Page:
Diners, Drive-Ins and Dives

This trip, Guy’s roadtrippin’ all over the country for some home-style cooking. In Boston, the funky neighborhood joint cranking out Southern staples, like chicken and waffles and off-the-hook tots. In Carmel, Calif., Robert Irvine’s riding shotgun to check out the cool cafe centered around scratch-made classics, like amped-up biscuits and gravy and brisket chili. And in Superior, Wis., the sports bar scoring with classics like house-cured meat pizza and a super special chicken sandwich.

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Southern-inspired comfort food served in a highly evolved dive bar setting

Somerville’s Inman Square lies at the core of Boston’s hipster scene. Around here, it’s pretty difficult to pull off a cocktail bar or restaurant that keeps the regulars coming. Yet with its kitsch-infused ambience, thoughtful cocktail program, and decadent southern-inspired eats, Trina’s Starlite Lounge hits the mark and never goes out of style.

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TSL on Phantom Gourmet

Chicken and Waffles dripping with hot pepper syrup, old school mac and cheese topped with Ritz crackers, and a burger piled high with just about everything.

There’s only one place serving up food that looks and tastes that good: Trina’s Starlite Lounge, located on the Cambridge-Somerville line.

This laid-back neighborhood hangout specializes in soul-satisfying comfort food, and hand-crafted cocktails, at pocket friendly prices.

Entrees cost around $15, but lots of customers just order a bucket of beers, and snack on small plates like homemade barbecue sweet potato chips with French onion dip, fresh baked cornbread topped with sweet honey butter and thick-cut fries that can be ordered plain, topped with chili, or smothered with rich meaty gravy.

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Where the Fridge, Not the Bartender, Hands Out Advice

The first time I walked into Trina’s Starlite Lounge in Somerville, Massachusetts, I immediately noticed two things. One, that whoever owned this place shared my favorite style of decor: anti-minimalism. The other was a small fridge behind the bar covered in those clunky, colorful magnetic letters I used to get hooked on phonics back in grade school. Every day the fridge wisely spits out platitudes and life’s bittersweet truths for patrons to enjoy alongside their $4 ’Gansetts—things like “A job is more than a paycheck—it’s also a place where you cry in the bathroom”; “I have to plug my phone into the charger so much I basically have a landline again”; and, serving up some stone-cold nostalgia, “The year is 2015. Trap Queen is playing on the aux cord. Obama is President. Life is good.”

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Winner: Best Industry Hangout

For years, this intimate Inman Square hangout has been a bright beacon summoning service pros to its famous industry brunch on Mondays. It still shines. The retro, ’60s roadhouse-inspired decor has a vaguely rockabilly air, augmenting the cultish street cred of a spot where servers, cooks and bartenders—and interloping neighborhood hipsters—chow Cajun-style fried chicken and slurp carbonated cocktails when they’re finally off the clock.

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The Absolute Best Brunch in Boston

Brunch on Sunday and… Monday? We’re down, especially when they do a White Russian with chocolate milk. It’s a smorgasbord of low-fi deliciousness: the Pizza Bagel, the House-made Pop Tart, the Tex-Mex Lasagna. And that’s before you even attack the Fried Chicken & Buttermilk Waffles with hot pepper syrup. In other words, there are plenty of reasons to WFH at the start of the week.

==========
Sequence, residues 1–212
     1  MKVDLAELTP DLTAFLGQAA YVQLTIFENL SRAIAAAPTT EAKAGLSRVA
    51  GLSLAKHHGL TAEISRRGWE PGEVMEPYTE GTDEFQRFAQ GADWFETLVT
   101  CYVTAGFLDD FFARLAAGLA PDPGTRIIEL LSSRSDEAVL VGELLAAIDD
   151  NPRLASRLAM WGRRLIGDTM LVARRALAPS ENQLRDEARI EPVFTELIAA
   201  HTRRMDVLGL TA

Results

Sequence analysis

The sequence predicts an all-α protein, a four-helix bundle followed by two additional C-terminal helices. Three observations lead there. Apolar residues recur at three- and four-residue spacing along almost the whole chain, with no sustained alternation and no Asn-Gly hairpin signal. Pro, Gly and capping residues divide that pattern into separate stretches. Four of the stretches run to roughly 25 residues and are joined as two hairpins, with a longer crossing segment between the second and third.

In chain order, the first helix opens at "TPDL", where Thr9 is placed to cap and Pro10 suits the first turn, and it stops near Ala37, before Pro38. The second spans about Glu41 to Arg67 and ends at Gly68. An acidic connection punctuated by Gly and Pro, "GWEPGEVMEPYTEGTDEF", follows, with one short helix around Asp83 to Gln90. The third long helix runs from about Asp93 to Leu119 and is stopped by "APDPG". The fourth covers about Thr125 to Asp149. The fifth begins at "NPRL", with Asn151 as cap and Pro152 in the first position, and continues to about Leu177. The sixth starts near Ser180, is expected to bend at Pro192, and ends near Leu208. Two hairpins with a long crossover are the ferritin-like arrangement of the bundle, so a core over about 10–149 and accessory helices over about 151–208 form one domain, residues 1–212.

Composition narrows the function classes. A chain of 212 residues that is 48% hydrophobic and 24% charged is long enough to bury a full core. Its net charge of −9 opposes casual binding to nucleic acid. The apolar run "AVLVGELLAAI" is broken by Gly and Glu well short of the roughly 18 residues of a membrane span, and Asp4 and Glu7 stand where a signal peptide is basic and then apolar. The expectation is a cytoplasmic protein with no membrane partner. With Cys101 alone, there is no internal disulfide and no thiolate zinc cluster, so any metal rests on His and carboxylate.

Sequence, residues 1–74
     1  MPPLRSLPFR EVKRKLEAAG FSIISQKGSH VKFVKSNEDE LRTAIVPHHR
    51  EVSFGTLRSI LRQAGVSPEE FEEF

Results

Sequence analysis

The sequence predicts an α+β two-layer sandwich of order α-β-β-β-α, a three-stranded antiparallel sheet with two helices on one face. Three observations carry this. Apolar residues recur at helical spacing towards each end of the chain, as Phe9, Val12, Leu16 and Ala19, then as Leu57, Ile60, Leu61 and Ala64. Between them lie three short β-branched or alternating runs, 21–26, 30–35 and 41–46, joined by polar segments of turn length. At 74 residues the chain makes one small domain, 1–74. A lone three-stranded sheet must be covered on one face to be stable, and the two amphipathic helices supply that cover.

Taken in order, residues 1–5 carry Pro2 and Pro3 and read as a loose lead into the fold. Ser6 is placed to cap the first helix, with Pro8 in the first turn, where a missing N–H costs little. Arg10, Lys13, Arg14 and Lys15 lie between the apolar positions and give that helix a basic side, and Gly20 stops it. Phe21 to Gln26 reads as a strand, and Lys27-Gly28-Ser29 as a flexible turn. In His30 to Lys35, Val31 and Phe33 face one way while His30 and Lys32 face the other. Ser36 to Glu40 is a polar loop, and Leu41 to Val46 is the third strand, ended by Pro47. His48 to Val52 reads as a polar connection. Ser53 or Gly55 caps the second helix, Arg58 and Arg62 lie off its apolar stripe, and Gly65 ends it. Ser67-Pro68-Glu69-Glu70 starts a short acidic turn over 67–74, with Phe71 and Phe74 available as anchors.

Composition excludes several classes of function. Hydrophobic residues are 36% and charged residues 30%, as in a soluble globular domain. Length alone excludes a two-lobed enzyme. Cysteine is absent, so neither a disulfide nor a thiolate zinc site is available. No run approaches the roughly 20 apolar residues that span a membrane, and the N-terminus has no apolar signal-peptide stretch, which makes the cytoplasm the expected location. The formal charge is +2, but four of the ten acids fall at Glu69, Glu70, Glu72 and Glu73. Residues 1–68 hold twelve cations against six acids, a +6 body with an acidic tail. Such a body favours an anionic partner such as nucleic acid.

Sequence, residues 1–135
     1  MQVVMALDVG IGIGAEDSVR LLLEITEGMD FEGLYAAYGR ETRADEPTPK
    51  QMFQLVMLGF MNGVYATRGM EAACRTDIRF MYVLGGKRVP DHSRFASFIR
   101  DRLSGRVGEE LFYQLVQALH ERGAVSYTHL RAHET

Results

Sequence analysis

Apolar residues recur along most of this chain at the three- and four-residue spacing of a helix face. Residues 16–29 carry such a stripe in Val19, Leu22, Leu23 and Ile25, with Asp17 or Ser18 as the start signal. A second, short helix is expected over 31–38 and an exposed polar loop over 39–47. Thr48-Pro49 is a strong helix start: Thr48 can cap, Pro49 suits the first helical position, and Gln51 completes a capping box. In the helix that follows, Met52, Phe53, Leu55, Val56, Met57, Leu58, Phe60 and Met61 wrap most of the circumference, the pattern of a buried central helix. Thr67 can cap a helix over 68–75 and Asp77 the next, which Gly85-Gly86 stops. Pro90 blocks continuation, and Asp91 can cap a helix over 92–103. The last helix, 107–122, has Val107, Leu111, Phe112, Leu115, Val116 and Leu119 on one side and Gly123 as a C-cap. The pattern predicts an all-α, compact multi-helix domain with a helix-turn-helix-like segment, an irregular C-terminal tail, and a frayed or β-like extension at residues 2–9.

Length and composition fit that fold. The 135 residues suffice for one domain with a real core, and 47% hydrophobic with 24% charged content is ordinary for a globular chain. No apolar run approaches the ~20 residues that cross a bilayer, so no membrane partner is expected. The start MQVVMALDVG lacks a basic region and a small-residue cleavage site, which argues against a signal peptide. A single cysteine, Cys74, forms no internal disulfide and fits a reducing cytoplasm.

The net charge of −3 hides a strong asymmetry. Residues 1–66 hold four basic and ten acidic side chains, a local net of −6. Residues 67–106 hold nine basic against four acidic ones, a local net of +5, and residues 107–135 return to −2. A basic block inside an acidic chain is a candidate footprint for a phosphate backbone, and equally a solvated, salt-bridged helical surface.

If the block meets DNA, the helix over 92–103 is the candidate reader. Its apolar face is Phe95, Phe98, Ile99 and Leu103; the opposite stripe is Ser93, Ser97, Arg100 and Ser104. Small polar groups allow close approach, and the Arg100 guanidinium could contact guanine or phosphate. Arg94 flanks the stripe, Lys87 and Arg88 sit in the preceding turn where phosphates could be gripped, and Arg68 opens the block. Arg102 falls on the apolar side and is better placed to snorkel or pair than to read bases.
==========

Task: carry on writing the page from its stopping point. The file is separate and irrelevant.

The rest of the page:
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USA Today 10Best

Trina’s Starlite Lounge is a funky find that serves comfort food you’ll find yourself craving. Having received numerous local and national accolades for homestyle favorites like their fried chicken and hot dogs, you can be sure you’ll get a taste of home at Trina’s Starlite Lounge. A visit to Trina’s can be yours for brunch or dinner. In place of reservations, Trina’s offers walk-in only, allowing you to skip the planning ahead stage just like you would at home. Serving killer cocktails, Trina’s draws crowds to drink as well as eat. Stop into Trina’s for a chill night with friends enjoy good quality comfort food.

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From the decor to the drink menu to the people working behind the bar, Trina’s Starlite Lounge is a space where you feel more than welcome: You feel like family. The most (in)famous aspect of this hospitality-in-action manifesto is a weekly tradition that started roughly six months after Trina’s opened its doors in 2009 and that’s grown in size, volume, and good cheer ever since.

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2020 Best Dinner with a Mission

The Order: Chill out during a socially distant summer with the frozen whiskey smash ($12). It gets a hit of crème de cacao alongside the standard lemon and mint.

The Cause: Two bucks per drink—made with booze from a Black-female-run Tennessee distillery named for Nathan “Nearest” Green, an enslaved man who taught Jack Daniels whiskey making in the 1850s—goes to Black Lives Matter Boston.

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Nostalgia is one hell of a drug

It’s a thought that occurs every time we enter Trina’s Starlite Lounge, a delightfully weird proto-dive perched on a corner of Inman Square. From vintage signs advertising the cola and cigarettes of yesteryear to a reconstructed retro kitchen, the decor evokes a 1950s America that’s a little less Norman Rockwell and a bit more David Lynch.

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